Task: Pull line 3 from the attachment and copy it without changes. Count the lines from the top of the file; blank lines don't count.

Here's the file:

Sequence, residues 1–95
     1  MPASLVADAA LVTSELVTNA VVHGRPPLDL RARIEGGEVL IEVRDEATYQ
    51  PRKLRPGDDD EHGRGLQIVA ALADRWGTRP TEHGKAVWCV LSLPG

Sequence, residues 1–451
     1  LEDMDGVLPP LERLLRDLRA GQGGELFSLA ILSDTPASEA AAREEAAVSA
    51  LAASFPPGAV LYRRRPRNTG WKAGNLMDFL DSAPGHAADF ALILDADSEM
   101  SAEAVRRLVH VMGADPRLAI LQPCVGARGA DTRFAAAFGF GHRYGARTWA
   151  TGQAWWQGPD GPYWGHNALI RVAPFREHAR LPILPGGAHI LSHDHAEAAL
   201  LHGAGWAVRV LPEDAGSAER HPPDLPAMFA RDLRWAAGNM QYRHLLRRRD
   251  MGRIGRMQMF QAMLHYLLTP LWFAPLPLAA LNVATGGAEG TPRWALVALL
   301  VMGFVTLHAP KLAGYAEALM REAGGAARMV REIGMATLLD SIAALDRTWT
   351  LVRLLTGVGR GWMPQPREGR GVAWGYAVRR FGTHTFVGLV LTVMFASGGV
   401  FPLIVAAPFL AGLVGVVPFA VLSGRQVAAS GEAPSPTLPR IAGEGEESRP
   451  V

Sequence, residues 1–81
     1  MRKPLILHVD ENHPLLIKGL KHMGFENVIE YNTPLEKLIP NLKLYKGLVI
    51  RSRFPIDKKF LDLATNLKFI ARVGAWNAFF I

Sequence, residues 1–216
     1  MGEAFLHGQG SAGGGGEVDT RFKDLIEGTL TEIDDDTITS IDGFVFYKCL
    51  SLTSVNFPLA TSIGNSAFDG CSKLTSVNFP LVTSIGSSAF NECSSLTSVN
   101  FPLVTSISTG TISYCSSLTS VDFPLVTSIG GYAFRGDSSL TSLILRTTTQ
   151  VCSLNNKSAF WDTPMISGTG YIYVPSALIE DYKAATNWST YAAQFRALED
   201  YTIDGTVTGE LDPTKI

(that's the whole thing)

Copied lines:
    51  PRKLRPGDDD EHGRGLQIVA ALADRWGTRP TEHGKAVWCV LSLPG